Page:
This is a guest post by Sheri Wells-Jensen, Baruch S. Blumberg NASA/Library of Congress Chair in Astrobiology, Exploration, and Scientific Innovation at the Kluge Center. Wells-Jensen is Associate Professor in the Department of English at Bowling Green State University in Bowling Green, Ohio. A linguist with research interests in phonetics, braille, language creation, and disability studies, her early work on the potential for non-physically mediated language acquisition (by AI or other non-human beings) led to an ongoing interest in ethical issues related to space exploration, as well as disability issues in space travel. Her current research centers on increasing access for people with disabilities in space.
I read the word “astronette” for the first time in Mary Robinette Kowal’s alternate-history Lady Astronaut series. It’s a brilliant word choice, the feminine/diminutive suffix “-ETTE” deftly conveying the disdain some of the (male) astro-NAUTS in the story displayed toward the women in their midst who were doing the exact same job.
The raw meanness of the word is sharpened by the elegance of the linguistic source material: astro-naut, from the Greek roots meaning “star” and “sailor.” Ah, to be a sailor among the stars, no matter who you are.
I hope we can all agree that “astronette” is a nonstarter, and that nobody in the real world ever needs to use it. Either you are an astronaut, or you are not.
Which brings me (reluctantly) to “parastronaut,” the term recently coined by the European Space Agency (ESA) to refer to the physically disabled astronaut candidates they considered in 2022.
The Parastronaut Feasibility Project is investigating what physically disabled people need in order to go to space. I have nothing but applause for the project goals, and nothing but admiration for their chosen candidate, British physician and athlete John McFall.
But words matter, and just as “astronette” — with “-ETTE” being commonly interpreted as both a feminine suffix and a diminutive one — is an obviously disrespectful and inaccurate title for a person doing the real work of an astronaut — “parastronaut” is not the right word for John McFall, or for those of us who will follow him to the stars.
There are two main reasons for this:
- The word “parastronaut” seems intended to protect us from the uncomfortable presence of the word “disabled.”
Some people are reluctant to use the word “disabled” because they feel it is somehow insulting or disrespectful, especially when used to refer to someone as clearly accomplished as John McFall. But “disabled” is neither an insult nor a mark against anyone’s abilities. Rather, it describes the fact that we live in a world built for the convenience of people whose bodies and minds conform to the supposed “standard.”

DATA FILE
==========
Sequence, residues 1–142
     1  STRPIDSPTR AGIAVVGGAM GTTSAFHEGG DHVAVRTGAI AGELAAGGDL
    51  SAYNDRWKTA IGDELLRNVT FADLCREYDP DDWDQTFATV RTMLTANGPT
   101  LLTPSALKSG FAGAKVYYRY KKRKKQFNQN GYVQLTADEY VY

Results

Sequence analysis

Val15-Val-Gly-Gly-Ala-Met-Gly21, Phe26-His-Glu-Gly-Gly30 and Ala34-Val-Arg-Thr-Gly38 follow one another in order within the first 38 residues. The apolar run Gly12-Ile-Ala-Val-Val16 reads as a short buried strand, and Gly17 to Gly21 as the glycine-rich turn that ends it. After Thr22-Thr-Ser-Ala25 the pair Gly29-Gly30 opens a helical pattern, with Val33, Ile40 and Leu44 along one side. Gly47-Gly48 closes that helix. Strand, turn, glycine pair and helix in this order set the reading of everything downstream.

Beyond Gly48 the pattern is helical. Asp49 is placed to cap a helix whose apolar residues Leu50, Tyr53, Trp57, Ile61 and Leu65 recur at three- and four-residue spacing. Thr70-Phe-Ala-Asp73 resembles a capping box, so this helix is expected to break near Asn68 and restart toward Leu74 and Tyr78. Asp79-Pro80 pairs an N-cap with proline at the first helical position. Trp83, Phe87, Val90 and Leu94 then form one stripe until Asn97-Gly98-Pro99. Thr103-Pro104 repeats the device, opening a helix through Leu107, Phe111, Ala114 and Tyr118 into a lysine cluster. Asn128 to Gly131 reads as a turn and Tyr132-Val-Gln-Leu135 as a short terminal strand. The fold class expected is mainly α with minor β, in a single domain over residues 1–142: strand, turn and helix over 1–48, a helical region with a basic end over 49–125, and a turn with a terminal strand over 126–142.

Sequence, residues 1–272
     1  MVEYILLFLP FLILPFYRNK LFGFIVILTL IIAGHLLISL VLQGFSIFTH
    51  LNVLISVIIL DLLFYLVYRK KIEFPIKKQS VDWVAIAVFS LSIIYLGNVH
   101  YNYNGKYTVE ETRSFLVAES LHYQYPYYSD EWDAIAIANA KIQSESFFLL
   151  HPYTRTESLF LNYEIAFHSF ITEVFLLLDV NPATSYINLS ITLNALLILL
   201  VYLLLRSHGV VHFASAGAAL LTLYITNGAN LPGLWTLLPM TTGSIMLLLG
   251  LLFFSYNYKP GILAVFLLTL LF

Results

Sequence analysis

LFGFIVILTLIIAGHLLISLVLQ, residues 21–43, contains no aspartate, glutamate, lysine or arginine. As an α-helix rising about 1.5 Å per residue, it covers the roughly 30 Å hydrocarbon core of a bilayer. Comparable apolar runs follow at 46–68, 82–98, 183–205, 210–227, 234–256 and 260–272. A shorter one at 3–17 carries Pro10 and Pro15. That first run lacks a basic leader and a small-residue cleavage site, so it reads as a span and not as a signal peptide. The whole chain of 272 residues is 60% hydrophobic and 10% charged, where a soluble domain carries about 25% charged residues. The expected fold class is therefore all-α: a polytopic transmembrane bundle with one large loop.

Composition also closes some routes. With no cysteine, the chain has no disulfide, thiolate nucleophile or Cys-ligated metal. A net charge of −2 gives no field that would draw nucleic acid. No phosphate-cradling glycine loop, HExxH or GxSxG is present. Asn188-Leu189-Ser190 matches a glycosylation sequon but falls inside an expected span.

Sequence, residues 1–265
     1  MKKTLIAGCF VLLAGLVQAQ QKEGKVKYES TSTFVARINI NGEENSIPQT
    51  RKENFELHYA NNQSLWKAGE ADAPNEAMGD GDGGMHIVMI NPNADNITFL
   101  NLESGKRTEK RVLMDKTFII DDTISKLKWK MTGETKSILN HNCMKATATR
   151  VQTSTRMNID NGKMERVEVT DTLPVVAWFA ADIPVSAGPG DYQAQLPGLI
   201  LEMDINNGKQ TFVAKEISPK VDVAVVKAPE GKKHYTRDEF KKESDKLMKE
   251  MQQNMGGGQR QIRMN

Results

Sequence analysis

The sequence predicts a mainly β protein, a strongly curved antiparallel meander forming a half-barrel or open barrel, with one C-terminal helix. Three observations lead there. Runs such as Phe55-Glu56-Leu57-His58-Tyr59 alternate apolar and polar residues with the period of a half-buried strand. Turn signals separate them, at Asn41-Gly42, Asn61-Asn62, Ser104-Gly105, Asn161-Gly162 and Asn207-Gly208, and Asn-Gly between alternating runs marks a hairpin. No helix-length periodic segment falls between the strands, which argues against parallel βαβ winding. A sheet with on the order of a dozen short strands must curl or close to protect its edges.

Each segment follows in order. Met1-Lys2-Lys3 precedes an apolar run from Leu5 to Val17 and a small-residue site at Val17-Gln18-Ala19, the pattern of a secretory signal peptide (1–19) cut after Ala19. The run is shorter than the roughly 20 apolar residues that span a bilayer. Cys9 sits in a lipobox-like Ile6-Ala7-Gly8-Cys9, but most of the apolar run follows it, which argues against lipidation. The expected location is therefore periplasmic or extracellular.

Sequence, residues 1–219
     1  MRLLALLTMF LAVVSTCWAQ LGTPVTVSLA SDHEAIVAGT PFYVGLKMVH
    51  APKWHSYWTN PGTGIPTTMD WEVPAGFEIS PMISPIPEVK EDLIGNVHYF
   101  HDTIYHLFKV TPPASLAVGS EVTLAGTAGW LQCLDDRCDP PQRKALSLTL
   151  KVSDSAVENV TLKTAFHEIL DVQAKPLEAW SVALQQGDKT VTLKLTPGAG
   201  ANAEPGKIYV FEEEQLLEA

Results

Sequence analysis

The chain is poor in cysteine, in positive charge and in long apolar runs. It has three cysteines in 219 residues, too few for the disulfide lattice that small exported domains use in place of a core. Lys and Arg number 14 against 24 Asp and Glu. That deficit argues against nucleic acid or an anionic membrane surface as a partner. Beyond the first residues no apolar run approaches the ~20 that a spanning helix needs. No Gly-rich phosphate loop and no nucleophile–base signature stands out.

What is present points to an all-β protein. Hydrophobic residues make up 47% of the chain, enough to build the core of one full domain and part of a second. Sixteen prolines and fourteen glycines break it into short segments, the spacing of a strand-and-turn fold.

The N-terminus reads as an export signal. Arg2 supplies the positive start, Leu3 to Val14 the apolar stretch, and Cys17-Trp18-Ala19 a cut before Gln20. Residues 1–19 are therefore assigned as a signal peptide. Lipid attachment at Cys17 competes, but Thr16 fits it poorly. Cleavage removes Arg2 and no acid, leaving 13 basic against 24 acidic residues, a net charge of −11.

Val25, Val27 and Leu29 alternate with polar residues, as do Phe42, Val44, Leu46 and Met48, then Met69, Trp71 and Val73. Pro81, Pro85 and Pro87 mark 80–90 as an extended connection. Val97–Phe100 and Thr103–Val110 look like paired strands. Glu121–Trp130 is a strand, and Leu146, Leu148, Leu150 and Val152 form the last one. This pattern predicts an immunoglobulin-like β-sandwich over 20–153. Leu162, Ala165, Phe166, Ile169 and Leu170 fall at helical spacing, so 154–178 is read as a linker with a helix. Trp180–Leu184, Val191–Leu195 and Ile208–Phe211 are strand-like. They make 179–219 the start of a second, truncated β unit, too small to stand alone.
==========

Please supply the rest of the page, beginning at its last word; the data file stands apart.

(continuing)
Our environment is loaded with barriers, including stairs to climb, printed signs to read, and audible alarms to pay attention to. This means that those of us who cannot walk, see, or hear have a lot of tiresome extra work to do on a daily basis, in addition to the powerful cultural attitudes proclaiming that we are complicated, fragile, and less capable than everyone else.
The word “disabled” is not a critique of our bodies or our abilities; rather, it is an apt description of the consequence of the disabling barriers placed in our way. “It is a word,” says disability rights activist Rebecca Cokley, “given to us by our elders,” icons of the disability rights movement like Ed Roberts and Judy Heumann, who fought for the Americans with Disabilities Act. It is a word that conveys our cleverness and our strength in the face of adversity. It is our word.
- I imagine the word “parastronaut” might be intended, in part, to benefit from association with the familiar term “Paralympics.” However, my etymological dictionary tells me that the Greek prefix “PARA-” can mean all these things:
beside, alongside, parallel, almost, accessory, faulty, abnormal
… i.e., “PARA-” has the same ambiguity issues as “-ETTE,” with some of its potential interpretations being less accurate and/or more insulting than others in a given context.
Notably, the Olympics and the Paralympics do run in “parallel”; there are two separate groups of elite athletes who do not directly compete with one another. In space, however, there is no such parallel available. Either John McFall will go to space with the rest of his astronaut cohort or he will not.
Does the “PARA-” prefix, then, indicate that he may work alongside the others, but he is not necessarily expected to succeed? If he does succeed, will he eventually become an un-prefixed astronaut? And when will that day be? When he’s chosen for a mission? When he crosses the Kármán line into space? Or only when he returns safely to Earth, having neither failed in his mission nor overly inconvenienced the rest of the crew?
Or is ESA just using this terminology to manage expectations? The reality is that, right now, largely unnecessary and outdated restrictions prevent all disabled people from going to space, so perhaps the prefix highlights the message that we should keep ourselves in check, not hoping too hard or reaching too high, while a largely non-disabled leadership team eventually figures out if or how we can join the space age.
Of course, not all people who are chosen for the astronaut pool go to space. I would be OK with the word “parastronaut” if it did, in fact, mean something more like “astronaut-in-training.”
But we already have a word for “astronaut-in-training”; those people are called astronaut candidates, and that’s what we should call all our would-be star sailors, whoever they are, including John McFall … and those of us who will come after him.